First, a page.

Ajarian Crisis Threatens To Escalate

Publication: Eurasia Daily Monitor Volume: 1 Issue: 2

A conflict between Georgia’s federal government in Tbilisi and the leadership of the renegade republic of Ajaria has reached a dangerous point over the past two days. On May 2, Georgian President Mikhail Saakashvili demanded that Ajaria’s strongman, Aslan Abashidze, disarm his “illegal units” within ten days and restore constitutional order. If Abashidze fails to submit, Saakashvili has threatened to disband the regional government and call new elections. On May 3, Abashidze responded that it is impossible to disarm Ajaria’s residents within such a short period of time. He added that a war between the central authorities and the rebellious province appears inevitable.

The Saakashvili administration has been pressuring Abashidze ever since it came to power in Tbilisi following the “Rose Revolution” last fall. The latest example of these pressure tactics appears to have been the major military exercises that were conducted last week by the central government near the internal border between Ajaria and the rest of Georgia. Although Tbilisi reiterated that the war games had long been scheduled for the end of April, the Ajarian leadership, apparently fearing a Georgian military incursion, ordered the destruction of the three main bridges linking the republic with Georgia. The railroad tracks connecting the region with the rest of the country were also dismantled.

These moves by Abashidze, whom Georgian Prime Minister Zurab Zhvania bluntly called “paranoiac,” prompted Saakashvili’s ultimatum, which was announced immediately after a meeting of Georgia’s National Security Council. The Georgian president accused Abashidze of an attempt to provoke an armed conflict inside the country. The Ajarian leader, he said, had actually isolated the autonomous republic and brought its population to the verge of a humanitarian catastrophe, the Interfax news agency reported. However, having set out his terms for Abashidze, Saakashvili was quick to add that he hoped for a “peaceful solution” to the situation. Prime Minister Zhvania, for his part, told the RBK agency that the Georgian government would refrain from “impulsive and unpredictable actions.”

Both Russia and the United States, the two major powers with significant geopolitical interests in Georgia, called for calm from the two sides and urged a peaceful settlement of the conflict. Yet there were telling nuances in the positions of Moscow and Washington. The Russian Foreign Ministry’s spokesman has flatly stated that Moscow is concerned over the escalation in Ajaria. He has also warned Tbilisi that any use of force in the situation will have “catastrophic consequences.” The U.S. Ambassador in Georgia, Richard Miles, on the other hand, stressed that “Aslan Abashidze has to understand that at this stage it’s important to cooperate with the central authorities.” Miles said that Ajaria is an autonomous republic with its own rights, but the “region shouldn’t violate subordination,” the NEWSru.com website reported. In a separate statement, the U.S. State Department called on Abashidze to disarm the paramilitary forces in Ajaria, “as he’s previously agreed to do.”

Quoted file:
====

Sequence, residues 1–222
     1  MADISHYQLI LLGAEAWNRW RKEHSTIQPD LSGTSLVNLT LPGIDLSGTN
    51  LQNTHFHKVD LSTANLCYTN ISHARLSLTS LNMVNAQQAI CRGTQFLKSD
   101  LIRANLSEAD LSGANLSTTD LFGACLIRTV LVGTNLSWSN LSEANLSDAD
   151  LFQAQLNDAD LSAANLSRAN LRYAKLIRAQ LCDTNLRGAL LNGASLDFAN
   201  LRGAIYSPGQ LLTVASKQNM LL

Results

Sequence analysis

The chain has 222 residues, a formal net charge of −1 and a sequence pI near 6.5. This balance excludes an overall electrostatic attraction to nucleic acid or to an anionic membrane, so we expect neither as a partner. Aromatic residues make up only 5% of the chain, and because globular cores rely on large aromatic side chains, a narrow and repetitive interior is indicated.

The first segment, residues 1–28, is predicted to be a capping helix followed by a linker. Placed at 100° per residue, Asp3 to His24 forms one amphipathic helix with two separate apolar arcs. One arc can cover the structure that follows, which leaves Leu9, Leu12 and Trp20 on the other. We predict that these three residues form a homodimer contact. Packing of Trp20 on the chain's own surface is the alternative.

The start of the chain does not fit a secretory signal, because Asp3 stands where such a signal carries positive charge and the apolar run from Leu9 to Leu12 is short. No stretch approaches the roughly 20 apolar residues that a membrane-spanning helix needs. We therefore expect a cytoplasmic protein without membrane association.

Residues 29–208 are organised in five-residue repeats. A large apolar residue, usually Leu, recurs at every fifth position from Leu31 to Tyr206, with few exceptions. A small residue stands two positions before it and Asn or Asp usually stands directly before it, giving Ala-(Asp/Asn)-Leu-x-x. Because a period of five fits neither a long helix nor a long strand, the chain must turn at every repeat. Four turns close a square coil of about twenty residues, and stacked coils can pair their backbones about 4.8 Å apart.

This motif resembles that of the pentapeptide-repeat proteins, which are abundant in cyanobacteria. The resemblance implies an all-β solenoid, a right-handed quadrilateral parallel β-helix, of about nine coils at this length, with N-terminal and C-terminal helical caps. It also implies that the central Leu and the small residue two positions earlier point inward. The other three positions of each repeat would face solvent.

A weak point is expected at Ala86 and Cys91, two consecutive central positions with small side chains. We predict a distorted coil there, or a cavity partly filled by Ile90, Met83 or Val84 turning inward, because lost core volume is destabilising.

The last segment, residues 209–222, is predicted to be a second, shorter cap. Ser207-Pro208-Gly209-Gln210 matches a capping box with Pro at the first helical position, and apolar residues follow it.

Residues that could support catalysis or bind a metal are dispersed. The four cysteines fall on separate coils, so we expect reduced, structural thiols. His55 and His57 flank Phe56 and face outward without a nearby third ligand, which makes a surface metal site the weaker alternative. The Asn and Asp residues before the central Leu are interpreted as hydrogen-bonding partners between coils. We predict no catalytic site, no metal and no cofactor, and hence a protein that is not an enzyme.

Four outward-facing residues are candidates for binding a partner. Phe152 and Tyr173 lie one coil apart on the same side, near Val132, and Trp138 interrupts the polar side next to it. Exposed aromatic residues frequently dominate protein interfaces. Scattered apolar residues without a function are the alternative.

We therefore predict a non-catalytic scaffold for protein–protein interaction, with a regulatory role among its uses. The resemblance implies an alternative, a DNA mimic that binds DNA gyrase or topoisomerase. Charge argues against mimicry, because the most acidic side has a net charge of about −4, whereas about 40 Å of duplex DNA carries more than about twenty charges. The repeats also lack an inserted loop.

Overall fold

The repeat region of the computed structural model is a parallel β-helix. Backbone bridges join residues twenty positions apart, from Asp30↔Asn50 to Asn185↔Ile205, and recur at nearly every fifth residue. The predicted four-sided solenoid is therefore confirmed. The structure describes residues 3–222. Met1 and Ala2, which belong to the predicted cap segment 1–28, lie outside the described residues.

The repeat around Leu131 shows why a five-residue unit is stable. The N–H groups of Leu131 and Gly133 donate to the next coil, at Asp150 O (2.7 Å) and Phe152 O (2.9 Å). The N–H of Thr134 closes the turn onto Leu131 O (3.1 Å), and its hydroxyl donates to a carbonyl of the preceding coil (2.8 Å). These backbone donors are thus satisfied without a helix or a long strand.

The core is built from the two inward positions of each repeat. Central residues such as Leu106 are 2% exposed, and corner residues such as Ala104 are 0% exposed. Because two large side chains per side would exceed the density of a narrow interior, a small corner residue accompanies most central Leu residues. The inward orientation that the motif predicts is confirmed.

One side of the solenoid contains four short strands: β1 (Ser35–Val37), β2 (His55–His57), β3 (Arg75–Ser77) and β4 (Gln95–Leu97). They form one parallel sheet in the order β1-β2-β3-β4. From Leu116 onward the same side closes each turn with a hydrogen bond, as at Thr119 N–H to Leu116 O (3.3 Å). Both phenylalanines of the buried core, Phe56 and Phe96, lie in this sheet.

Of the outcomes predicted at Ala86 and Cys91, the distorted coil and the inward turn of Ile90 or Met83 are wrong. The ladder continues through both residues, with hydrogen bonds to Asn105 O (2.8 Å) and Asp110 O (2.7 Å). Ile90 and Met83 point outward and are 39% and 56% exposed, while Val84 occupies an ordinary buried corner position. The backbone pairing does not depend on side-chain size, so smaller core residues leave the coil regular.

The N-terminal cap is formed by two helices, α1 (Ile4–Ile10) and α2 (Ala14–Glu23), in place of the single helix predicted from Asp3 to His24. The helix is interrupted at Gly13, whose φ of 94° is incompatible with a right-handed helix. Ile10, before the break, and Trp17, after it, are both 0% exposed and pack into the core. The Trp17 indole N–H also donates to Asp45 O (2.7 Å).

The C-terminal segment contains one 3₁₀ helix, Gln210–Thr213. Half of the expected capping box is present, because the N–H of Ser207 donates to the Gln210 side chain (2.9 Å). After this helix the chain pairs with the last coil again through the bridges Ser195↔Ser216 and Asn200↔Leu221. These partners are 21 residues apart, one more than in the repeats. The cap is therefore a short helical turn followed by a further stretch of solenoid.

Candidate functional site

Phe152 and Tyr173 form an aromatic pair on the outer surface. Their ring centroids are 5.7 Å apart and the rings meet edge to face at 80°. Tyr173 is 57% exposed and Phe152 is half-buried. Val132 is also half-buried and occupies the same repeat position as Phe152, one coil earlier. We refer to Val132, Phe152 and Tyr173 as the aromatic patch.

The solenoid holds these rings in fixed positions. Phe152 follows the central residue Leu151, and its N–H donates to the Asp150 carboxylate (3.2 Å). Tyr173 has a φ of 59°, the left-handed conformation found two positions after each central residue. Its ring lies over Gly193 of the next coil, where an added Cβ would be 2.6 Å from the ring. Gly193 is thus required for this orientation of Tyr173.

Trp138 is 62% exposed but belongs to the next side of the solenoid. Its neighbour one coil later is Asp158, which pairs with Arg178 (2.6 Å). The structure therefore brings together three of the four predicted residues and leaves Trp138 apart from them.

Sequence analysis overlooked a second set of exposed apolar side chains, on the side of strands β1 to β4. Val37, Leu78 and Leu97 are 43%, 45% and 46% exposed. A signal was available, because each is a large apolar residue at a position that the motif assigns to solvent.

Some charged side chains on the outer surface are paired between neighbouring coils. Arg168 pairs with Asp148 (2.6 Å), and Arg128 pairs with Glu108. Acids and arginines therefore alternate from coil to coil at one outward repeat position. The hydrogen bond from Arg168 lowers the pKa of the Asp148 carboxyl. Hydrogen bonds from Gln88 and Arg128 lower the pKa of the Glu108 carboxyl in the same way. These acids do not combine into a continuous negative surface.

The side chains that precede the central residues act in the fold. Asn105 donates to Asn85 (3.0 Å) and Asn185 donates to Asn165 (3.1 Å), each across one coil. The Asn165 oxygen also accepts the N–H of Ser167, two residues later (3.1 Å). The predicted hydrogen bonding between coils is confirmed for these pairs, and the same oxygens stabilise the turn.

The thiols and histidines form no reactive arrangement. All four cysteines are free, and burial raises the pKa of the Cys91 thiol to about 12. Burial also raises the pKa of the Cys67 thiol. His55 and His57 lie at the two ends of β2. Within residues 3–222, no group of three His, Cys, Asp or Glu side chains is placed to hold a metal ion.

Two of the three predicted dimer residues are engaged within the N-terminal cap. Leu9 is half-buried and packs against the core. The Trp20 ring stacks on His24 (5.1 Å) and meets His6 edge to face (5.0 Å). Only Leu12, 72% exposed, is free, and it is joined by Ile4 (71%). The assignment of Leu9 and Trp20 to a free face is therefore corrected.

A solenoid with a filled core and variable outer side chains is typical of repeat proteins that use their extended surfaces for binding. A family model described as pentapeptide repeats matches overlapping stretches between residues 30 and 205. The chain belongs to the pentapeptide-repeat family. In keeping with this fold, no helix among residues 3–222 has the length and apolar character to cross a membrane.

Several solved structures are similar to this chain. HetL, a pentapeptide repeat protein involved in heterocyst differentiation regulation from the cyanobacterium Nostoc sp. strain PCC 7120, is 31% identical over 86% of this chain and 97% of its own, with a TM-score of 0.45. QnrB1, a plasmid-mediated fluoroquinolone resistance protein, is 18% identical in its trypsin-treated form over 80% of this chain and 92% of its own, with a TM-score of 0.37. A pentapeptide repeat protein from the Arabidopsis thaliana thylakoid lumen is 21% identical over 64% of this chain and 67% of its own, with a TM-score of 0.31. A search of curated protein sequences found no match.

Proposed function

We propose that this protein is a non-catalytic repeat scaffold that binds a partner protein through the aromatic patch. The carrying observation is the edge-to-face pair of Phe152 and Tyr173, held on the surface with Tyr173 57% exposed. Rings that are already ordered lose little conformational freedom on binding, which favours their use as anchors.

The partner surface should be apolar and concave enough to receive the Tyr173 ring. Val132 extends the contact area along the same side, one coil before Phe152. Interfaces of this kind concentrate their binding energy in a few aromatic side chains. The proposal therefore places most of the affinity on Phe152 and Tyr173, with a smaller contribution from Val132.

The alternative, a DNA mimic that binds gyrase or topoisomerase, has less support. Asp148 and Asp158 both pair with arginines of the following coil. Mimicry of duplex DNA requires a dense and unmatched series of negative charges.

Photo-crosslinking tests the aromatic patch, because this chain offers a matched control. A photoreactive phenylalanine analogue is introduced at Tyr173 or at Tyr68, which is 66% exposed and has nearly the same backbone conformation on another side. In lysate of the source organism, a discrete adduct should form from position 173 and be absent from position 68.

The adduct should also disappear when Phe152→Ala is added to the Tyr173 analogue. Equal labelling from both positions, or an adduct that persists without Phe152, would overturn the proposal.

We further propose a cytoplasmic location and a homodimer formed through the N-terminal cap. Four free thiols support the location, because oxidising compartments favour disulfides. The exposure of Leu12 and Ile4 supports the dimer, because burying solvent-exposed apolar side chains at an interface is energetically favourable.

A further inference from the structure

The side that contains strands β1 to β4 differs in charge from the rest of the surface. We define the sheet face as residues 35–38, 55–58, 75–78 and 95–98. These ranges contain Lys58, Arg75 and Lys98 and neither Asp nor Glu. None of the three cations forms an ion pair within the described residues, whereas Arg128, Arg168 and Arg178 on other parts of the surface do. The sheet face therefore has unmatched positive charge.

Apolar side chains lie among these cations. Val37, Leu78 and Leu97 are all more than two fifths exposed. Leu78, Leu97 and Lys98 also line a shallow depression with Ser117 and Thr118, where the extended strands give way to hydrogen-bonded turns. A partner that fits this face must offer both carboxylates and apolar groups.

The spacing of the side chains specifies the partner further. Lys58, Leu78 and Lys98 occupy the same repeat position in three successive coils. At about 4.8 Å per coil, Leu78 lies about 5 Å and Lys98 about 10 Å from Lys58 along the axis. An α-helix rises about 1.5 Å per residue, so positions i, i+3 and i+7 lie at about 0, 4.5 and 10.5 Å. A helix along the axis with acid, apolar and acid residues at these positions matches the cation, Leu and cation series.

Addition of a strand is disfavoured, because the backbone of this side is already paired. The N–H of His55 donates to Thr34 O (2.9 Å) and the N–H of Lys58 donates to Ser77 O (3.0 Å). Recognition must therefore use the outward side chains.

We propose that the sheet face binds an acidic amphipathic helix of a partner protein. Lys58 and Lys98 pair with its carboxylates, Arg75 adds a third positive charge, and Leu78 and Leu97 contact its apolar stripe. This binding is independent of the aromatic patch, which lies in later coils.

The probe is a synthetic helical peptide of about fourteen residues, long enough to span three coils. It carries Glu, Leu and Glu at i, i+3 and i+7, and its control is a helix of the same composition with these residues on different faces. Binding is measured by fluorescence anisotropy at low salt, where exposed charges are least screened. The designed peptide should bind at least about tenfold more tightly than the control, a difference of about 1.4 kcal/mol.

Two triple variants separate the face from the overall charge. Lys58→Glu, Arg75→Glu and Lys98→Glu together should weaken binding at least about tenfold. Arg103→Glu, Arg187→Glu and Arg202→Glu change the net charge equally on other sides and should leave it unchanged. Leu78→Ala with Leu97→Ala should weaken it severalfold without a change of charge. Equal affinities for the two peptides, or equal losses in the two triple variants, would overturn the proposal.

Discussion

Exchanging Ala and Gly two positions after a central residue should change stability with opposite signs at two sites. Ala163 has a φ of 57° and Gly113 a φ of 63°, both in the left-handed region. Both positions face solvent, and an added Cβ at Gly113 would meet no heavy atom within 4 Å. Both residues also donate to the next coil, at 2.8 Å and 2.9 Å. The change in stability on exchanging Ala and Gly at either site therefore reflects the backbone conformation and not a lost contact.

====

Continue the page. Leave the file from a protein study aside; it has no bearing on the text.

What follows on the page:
In Batumi, Ajaria’s capital, Russia maintains a military base that the Georgian government insists must be withdrawn. So far, Russian troops have remained neutral throughout the standoff between Tbilisi and Batumi. Georgian authorities, however, have claimed that retired Russian General Yury Netkachev was personally involved in the demolition of the bridges in Ajaria. According to Georgii Ugulava, Georgia’s deputy minister of state security, Netkachev arrived in Batumi from Moscow on April 30 to direct the blowing up of the bridges. Netkachev had served as Abashidze’s military advisor and helped organize an Ajarian rapid reaction unit numbering 400 men.

Abashidze vehemently denied Netkachev’s involvement in the destruction of the bridges and said that the Russian officer had never left Moscow. But Saakashvili, speaking on May 3 to Georgian servicemen on the outskirts of Tbilisi, expressed his hope that Russia would take proper action with regard to Netkachev, who, he implied, was a terrorist. “When we discuss with Russia the measures aimed at preventing the passage of terrorists from Georgia to Russian territory, we count on the principle of reciprocity,” RIA-Novosti quoted Saakashvili as saying.

It would appear at this juncture that the Georgian government and the Ajarian leader are pursuing opposite tactics. Abashidze has clearly opted for further escalation, calculating that Tbilisi will not risk a head-on confrontation. “It’s impossible to fulfill the conditions of the [Saakashvili administration’s] ultimatum; it’s unfeasible to disarm the republic within the ten days,” Abashidze told the Izvestia newspaper on May 3. “We are waiting for the war,” he added. Speaking Tuesday night on Ajarian television, Abashidze pledged to tighten emergency rule in the region.

Saakashvili, on the other hand, appears to be relying on a dual process of steadily increasing external pressure, and internal erosion, of the Abashidze regime. Time is working for the Georgian authorities and against the Ajarian leader, Saakashvili said yesterday. Georgia’s president has also urged Abashidze’s entourage to abandon its chief in Batumi and to come to Tbilisi.